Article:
Dead or Alive Ultimate Xbox Review

May 31, 2010 by  
Filed under Retro Content, Retro Reviews, Xbox

This superb 2-disc collection is composed of the original and aged Dead or Alive (the Saturn version rather then the spruced up PlayStation version) alongside the superior sequel. Whilst the former has remained trapped in a 1997 time warp, Dead or Alive 2 is a re-imagining of its previous self, which has resulted in a game that happens to be much closer to the third title in nature.

The original game still plays pretty well, but we often found ourselves relying too much on the counter system, which requires little timing and skill, resulting in matches that are dominated by reversals and little else. The game does go deeper than that but still lacks the sublime refinement of later titles in the classic series.

Comparing the sequel to the original does reveal a vast improvement in the combat engine, furthermore the refinements in this remake are also all there to see. The fantastic modifications to the reversal system makes precise timing all the more crucial and this further takes merit away from the original title. The remake obviously includes all of the characters that appeared in the original DOA2, bar Hitomi who actually appeared later in DOA3, but now is also present here.

The original DOA2 was the pioneer of stunning environmental interaction and we continue to be dazzled by the stages on offer here and this tremendous fight dynamic. Knocking an opponent crashing through a window and then continuing the match below still effectively hits the spot and it’s something that just could never become dull. Every time is like the first time. On the subject of stages, you are also able to pull off fancy moves down slopes and literally hit the ceiling on some stages. It arguably offers more then the third game did as a sequel.

Also thrown into the package is online play and Dead or Alive Ultimate offers much more options than the usual venture online with the genre. The fighting blueprint itself remains untouched, it’s the staggering amount of surrounding options that really impressed us. If you fancy a tournament with up to eight players then Ultimate grants your wish as it does with survival and team battle modes. We found that waiting around for our turn wasn’t even too much of a problem as viewing other fights is ideal filler for what could have been a horribly dull period. The cherry on top is the ranking system, which works in an extremely satisfying grade manner, earning or losing various points based on your opponents class and the outcome of the fight. It’s a crying shame that no bright spark could have brainstormed a similar system for offline gaming eons ago.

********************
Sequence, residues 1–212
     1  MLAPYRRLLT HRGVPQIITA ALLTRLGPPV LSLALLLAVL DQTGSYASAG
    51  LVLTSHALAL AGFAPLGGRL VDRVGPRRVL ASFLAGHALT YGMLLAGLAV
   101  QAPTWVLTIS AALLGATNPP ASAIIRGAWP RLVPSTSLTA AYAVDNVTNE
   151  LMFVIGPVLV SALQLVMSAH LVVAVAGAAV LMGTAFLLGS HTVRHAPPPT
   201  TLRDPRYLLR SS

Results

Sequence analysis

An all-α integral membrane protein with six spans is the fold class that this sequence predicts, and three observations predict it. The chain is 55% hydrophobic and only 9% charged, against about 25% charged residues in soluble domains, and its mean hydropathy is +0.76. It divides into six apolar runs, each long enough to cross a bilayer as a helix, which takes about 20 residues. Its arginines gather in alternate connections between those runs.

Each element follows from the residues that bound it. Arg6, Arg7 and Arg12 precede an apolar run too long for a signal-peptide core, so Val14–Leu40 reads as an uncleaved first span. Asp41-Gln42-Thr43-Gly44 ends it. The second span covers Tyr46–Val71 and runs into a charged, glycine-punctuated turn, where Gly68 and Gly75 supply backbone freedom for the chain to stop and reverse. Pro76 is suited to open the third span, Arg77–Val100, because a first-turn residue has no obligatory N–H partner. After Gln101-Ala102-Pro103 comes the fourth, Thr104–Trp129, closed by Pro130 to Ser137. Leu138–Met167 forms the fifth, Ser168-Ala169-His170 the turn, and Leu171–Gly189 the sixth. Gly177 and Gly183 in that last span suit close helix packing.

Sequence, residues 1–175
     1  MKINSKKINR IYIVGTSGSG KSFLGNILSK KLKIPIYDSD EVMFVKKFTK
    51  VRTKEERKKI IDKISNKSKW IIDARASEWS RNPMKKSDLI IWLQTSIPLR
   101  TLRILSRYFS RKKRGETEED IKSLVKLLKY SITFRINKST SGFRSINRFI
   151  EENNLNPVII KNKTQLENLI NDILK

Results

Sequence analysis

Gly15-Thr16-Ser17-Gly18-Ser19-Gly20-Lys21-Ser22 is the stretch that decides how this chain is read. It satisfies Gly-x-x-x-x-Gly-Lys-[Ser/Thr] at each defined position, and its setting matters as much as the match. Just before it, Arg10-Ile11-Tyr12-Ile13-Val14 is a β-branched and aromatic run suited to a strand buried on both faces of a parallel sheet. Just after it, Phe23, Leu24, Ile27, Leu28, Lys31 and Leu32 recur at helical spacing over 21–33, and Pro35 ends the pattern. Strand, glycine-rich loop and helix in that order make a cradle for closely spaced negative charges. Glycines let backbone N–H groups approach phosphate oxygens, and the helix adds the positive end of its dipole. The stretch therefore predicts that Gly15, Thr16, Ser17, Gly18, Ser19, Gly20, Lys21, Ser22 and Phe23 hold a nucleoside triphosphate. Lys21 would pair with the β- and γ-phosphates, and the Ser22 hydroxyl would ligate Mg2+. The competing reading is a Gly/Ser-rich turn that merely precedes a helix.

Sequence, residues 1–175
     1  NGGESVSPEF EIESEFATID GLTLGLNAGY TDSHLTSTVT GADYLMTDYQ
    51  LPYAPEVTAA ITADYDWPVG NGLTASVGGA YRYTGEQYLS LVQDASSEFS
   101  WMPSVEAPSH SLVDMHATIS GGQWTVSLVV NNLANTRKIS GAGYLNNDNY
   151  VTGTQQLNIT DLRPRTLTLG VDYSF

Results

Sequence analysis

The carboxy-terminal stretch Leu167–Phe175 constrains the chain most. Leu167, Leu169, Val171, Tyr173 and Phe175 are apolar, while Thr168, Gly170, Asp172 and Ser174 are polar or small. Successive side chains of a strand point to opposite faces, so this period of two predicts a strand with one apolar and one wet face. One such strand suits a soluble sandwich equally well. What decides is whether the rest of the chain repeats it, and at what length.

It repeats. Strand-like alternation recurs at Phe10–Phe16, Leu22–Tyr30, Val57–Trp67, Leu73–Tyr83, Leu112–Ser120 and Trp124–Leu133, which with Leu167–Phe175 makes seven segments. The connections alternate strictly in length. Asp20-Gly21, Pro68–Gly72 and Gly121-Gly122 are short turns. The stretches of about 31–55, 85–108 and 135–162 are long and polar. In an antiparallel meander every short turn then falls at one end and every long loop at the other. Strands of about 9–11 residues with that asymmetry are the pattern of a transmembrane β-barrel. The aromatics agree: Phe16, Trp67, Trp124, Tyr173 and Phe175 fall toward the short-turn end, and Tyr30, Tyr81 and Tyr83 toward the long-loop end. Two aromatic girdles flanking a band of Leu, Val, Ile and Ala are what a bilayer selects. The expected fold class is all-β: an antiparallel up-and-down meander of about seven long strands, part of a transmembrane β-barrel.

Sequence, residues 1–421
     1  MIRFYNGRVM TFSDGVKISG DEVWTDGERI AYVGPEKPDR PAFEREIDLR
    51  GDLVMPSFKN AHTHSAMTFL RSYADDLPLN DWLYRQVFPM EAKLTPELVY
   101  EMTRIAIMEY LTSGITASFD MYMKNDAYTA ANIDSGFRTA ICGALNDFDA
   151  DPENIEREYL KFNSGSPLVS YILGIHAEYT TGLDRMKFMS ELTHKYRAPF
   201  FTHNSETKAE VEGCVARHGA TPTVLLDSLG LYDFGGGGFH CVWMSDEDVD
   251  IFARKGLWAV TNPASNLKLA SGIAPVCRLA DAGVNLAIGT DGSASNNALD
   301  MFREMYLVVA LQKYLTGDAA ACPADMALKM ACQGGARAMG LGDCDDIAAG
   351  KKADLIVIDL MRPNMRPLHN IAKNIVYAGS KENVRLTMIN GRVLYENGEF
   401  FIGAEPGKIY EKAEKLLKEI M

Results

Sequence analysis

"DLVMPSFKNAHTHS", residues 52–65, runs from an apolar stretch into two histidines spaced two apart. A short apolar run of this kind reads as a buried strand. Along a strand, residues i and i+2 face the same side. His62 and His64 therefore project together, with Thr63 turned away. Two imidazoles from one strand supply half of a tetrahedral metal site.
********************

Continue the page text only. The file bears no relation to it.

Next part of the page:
Associating a wardrobe with a fighting title may ordinarily seem a little strange, but DOA Ultimate assures that each of the characters wardrobes are bursting with freshly pressed outfits. The ladies average around 20 outfits each, which include everything from skimpy bikinis to short skirts amongst other showy and revealing outfits. The hormone-charged and sexually frustrated player will no doubt be satisfied. Whilst the male fighters may have a little less choice, they still have plenty to unlock. As always it’s a worthwhile addition to the series.

The original game looks primitive by today’s graphical standards so it’s rather ironic that DOA2 is the title that has received a gorgeous new paint job out of the two. Whatever the case, DOA2 is once again looking superb. Witnessing everything from rain streaming down a roof to a smoothly animated and well-lit character made us wonder why the Xbox’s successor could just be around the corner.

Dead or Alive Ultimate is a great collection and the reworked sequel is one of the finest fighting games available on the Xbox format. Those who claim the series is nothing but a button masher should see some of the players in action on the brilliant online mode. The difficulty curve of both games is perfectly poised, boasting an easy set-up that is far from complex alongside a rewarding level of depth for the slightly more experienced player. To sum it all up then, it’s a decent brawler alongside a bona fide fighting classic.

9/10

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